Emily wanted chicken nuggets for dinner. I had just given her a head lamp to "explore" the darkened house (and buy me some time in preparing the food around the oven). Just as I attempted to tear the foil from the box, the serrated edge detached, creating a jagged piece of foil too small for the sheet pan. Suddenly, Emily peered in to the kitchen, head lamp ablaze. Without a second thought, I put the tattered foil on her headed and molded it to her cranium. I told her it was a helmet used to prevent aliens from reading her mind. I gave her instructions in it's use and how important it was to keep the shiny side out in order to reflect the alien mind control rays. Without missing a beat, she continued the story about how it also made her invisible. With that, she was off battling aliens in the darkened house. Armed with a foil helmet and a head lamp.
Invoking a deep imaginative state is a primary learning tool. It comes as standard equipment upon our arrival in to this world. I believe we are supposed to keep it active and challenged, or it may atrophy. This could lead to adults who lack the joy, spontaneity, and curiosity they had as children. I find this deep imaginative state in a modern context in some unique places. Actors, dancers, artists, musicians, and story tellers all seem to possess this ability to "shape shift" in to another state of being. This is what it is to "learn fully". It is by "becoming" not by rote memorization that we acquire experiences that lead to wisdom. Learning is done through experience. Memorization is done through reading. Not until we plug our bodies in to an experience and emotionally invest ourselves do we truly learn. While books are a great start, they are only just that. We have let our definition of learning lapse because it is easier, less costly, and easier to manage twenty sitting children than to challenge twenty dynamic personalities in an ever changing series of circumstances. A nasty secret of the dominant model is that the brightest are either bored or drugged. Those who "learn the game" are only challenged by the slight tweaking of their delivery of the norms and morays of the game as each new teacher presents a slightly different variation of the expectations. "Failure" is considered a dead end option, instead of a gateway to wisdom in this construct. Failure is also easier to "blame on" than to grow from. The student feels that they have "failed" if they do not obtain the "grade", the parent feels they have failed their child, the teacher...well, the parent usually projects the pain they see in their child to add to the teachers own sense of "failure". The blame is cast on the weakest link in this vicious cycle...let's leave it at that.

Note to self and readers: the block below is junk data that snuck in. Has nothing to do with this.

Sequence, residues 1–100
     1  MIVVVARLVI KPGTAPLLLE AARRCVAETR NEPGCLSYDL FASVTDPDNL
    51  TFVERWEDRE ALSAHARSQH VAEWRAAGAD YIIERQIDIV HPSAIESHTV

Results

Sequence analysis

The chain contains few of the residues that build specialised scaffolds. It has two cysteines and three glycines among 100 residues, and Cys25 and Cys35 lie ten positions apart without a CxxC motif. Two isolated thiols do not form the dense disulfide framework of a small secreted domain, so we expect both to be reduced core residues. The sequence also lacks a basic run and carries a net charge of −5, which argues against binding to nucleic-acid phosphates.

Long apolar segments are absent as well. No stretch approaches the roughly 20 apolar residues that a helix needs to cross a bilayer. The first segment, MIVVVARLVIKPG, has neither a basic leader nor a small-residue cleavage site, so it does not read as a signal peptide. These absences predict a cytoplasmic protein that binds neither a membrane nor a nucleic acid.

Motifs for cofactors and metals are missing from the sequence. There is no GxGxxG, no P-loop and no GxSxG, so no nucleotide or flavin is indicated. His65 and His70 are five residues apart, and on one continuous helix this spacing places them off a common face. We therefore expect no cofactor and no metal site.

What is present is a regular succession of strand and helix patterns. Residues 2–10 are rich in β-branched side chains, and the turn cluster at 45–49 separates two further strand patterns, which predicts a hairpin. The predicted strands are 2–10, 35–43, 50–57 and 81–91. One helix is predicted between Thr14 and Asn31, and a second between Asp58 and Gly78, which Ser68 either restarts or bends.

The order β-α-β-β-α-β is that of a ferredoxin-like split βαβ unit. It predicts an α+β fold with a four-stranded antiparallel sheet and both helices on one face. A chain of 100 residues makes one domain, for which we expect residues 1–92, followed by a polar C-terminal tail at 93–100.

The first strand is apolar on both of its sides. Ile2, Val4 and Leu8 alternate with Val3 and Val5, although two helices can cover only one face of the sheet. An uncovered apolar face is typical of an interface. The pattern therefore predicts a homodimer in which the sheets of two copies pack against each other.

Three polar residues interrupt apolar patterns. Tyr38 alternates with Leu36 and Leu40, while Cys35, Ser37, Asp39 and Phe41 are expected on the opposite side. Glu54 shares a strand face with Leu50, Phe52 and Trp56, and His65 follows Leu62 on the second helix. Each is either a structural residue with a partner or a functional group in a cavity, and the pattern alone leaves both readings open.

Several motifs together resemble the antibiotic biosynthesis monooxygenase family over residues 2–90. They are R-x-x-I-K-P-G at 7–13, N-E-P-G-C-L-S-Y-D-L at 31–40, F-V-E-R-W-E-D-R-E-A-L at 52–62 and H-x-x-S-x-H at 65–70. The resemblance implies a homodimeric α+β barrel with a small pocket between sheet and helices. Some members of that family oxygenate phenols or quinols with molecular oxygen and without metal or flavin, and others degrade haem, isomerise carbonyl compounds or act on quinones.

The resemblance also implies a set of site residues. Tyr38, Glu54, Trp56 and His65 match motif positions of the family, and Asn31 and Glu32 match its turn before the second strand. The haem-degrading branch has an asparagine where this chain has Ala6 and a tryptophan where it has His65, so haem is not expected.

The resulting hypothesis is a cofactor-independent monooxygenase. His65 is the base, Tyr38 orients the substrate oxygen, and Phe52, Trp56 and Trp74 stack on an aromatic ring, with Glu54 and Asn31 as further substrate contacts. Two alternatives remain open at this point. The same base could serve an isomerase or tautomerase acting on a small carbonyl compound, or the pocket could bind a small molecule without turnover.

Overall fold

Environmental Education has a different approach. It goes much farther and deeper than "Take all children outside". It is a series f adventures, where the student is ageless, the lessons are timeless and easily apply to daily life. More importantly, "failure"is an opportunity to listen, learn, adjust, and grow. Failure is not a dead end wrought with blame, it is a clarion call, and a challenge. It asks, "Here is the situation your in, know what are you going to do about it". There is no static linear equation, no standardized test, no one to blame. It is a multi-dimensional deep ecological approach to problem solving that stimulates growth and messages new neural pathways through all of the senses. Immersion in nature, coupled with native learning technologies produces superlative beings. It moves people of all ages through emotional, cognitive, and even spiritual boundaries.
The results are analogous to comparing a mass produced industrial chicken to a wild raven. One being responds to bells in order to move from one holding cell to another with only a small portion of their mind being intentionally addressed. The other has to problem solve daily to provide for themselves. While the entity at the industrial chicken farm mindlessly shuffles to external stimuli in a conditioned and predictable daily regimen, their feral counterparts are plugging in to their environment with their entire being and exercising everything from their brain, to their five senses as they interface with the landscape, the weather, and the other animate beings for such relevant items as shelter, water, and food.
So, Emily, age seven, has cleared the house of aliens. As I left the keyboard to check on her nuggets, I found her "helmet" at the top of the stairs, and she cuddled and asleep with her loyal dog Bo. I'm not sure how that will come out on standardized testing, but as far as becoming a well rounded human being, I see "honor roll".